# [.net] Reading and writing ints/shorts/floats into a byte[]

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...and the other way around I haven't found a good way to do it. So far all I've been able to do is make a BinaryReader/Writer to do it for me. Is there a simpler way without concatenating/breaking up the data manually (bitwise operations)? The stream thing is far too complicated when all I want to do is write or read a single number from/into an array of bytes. It was much easier in C++ when I could do all the untypesafe things I wanted [sad].

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Well, if you are using C# you can always use unsafe code. But that is much too effort.

The ".Net Way" would be to use the BitConverter class. It can convert all of the basic data types to byte arrays and back, so it should do the job quite well.

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Yay. That solves half my problem.

My other problem is this: I have an array that needs to change sizes periodically, so I'm using a List<T> (it's a List<byte>). Unfortunately, none of the Array.Copy methods work with List. Is there a work around instead of using List.ToArray everywhere? This is in a performance critical section so I'm trying to get rid of as many news and array allocations as I can.

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Ah, you are using the Beta. I haven't sat down much with it yet, and am not quite sure where MSDN is hiding the .Net 2 documentation. I am guessing though that List is similar to the currect IList containers. If so, it should have a Clone() method that will copy all of those bytes to another List.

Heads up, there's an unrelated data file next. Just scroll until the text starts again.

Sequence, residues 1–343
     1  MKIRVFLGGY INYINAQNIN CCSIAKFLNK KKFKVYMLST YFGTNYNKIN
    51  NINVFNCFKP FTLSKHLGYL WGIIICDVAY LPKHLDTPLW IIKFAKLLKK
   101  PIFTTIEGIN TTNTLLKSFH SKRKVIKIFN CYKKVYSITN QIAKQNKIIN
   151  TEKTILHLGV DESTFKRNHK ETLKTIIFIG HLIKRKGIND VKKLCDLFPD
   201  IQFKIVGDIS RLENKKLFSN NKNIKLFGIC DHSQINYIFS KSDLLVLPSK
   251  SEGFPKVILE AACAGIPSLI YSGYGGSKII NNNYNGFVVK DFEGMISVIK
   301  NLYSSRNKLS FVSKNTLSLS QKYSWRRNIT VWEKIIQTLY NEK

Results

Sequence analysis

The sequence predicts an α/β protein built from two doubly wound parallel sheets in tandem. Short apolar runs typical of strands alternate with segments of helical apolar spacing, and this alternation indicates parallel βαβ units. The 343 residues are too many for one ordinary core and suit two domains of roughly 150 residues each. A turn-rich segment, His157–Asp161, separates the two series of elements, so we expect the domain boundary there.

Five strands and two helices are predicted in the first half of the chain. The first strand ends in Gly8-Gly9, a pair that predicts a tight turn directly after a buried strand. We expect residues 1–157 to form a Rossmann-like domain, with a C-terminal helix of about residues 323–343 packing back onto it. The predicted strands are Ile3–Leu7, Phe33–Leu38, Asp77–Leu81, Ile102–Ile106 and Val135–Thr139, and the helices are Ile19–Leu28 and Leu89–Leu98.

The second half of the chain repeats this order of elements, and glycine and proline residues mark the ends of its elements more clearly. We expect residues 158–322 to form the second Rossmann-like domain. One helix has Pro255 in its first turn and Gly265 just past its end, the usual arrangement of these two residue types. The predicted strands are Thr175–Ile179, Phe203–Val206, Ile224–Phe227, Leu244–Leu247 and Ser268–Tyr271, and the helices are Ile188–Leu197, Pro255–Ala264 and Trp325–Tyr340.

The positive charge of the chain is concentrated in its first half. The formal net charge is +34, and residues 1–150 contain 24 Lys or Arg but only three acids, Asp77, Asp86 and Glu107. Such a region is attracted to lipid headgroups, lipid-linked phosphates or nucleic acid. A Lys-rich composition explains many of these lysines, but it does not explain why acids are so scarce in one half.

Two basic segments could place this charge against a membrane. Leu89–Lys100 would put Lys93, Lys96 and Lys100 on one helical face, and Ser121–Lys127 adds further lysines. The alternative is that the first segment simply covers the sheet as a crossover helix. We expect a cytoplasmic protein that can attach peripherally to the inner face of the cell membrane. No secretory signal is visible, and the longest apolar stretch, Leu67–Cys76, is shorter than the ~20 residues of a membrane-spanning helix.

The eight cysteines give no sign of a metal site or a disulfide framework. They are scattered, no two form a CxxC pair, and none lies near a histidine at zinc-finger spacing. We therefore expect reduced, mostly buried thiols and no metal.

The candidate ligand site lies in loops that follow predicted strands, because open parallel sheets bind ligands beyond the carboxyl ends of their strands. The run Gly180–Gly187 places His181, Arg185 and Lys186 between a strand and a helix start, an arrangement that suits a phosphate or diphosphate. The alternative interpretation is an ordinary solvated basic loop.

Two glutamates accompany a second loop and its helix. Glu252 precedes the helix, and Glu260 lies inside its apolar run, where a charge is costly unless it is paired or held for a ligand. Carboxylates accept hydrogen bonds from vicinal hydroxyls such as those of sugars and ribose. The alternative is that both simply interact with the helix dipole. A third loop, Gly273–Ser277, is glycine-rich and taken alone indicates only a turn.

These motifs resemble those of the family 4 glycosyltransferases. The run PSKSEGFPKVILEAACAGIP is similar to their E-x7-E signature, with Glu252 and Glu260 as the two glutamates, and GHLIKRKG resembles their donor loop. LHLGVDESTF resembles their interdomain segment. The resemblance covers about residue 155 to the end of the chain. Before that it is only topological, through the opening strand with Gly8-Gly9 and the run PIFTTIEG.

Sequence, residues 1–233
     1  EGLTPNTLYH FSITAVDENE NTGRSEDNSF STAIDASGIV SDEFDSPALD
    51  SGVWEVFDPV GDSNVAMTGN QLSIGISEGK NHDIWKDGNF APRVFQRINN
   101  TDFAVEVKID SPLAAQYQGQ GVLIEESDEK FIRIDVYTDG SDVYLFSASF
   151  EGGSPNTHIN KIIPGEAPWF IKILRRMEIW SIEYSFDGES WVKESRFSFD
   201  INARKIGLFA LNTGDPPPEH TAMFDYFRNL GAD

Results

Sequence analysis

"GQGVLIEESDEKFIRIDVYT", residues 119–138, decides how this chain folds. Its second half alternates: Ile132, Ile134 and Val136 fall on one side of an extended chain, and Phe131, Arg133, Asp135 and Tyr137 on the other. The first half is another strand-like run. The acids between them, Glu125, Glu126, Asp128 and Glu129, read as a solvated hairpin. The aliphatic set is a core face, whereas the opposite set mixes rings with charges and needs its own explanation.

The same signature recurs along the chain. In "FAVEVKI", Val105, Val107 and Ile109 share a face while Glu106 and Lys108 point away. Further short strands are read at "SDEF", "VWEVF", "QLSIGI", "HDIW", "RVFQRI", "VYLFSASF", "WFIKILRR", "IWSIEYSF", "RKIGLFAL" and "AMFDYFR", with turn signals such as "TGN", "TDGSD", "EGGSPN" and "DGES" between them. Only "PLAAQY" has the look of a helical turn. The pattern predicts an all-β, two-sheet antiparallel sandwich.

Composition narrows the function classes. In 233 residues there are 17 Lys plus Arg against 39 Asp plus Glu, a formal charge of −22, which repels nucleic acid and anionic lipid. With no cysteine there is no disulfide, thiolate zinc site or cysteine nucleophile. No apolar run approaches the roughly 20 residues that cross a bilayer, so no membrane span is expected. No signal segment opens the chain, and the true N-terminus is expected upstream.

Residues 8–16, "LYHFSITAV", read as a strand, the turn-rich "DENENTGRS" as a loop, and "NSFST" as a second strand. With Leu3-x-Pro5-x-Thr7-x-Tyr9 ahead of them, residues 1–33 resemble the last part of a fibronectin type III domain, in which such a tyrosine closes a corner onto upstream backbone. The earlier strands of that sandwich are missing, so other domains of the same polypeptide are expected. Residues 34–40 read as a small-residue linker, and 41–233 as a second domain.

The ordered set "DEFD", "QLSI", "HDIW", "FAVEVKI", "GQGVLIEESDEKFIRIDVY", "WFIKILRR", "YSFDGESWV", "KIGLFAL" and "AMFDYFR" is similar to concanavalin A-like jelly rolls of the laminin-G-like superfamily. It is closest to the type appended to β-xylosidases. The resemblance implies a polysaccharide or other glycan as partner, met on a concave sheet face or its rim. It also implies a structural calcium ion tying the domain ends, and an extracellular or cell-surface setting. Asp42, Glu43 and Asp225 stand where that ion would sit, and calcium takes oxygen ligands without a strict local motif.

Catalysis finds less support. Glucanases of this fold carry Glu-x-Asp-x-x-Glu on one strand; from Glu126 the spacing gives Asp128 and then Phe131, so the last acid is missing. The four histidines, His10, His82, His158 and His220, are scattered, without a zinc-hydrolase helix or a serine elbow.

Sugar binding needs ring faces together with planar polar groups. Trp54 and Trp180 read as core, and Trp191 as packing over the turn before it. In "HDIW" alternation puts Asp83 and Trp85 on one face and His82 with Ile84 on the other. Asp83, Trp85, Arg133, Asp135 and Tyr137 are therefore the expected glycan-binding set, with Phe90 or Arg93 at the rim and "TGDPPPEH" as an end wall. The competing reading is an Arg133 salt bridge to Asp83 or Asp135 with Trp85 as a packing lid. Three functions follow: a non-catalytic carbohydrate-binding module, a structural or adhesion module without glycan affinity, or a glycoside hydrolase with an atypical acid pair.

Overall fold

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Thanks guys. Everything is working well now except for I still can't copy a section of a byte[] into a List<byte>. If I can get this down, my code will be more elegant than my C++ version was.

I suppose I could change the List<byte> to an Array, but I've grown to like the explicit typing of the generics. With Arrays, everything is just an object, and keeping track of what casts I can do gets on my nerves.

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Well, there are functions like AddRange, InsertRange, etc. that take an IEnumerable as input (arrays are). But they don't let you choose a range in the array.

Anyway, why don't you just write a function that does what you need ?
[source lang=csharp]void CopyRange<T>(List<T> output, T[] input, int outputStartIdx, int inputStartIdx, int count){   for (int i = 0; i < count; i++)      output[outputStartIdx++] = input[inputStartIdx++];}

Regards,
jods

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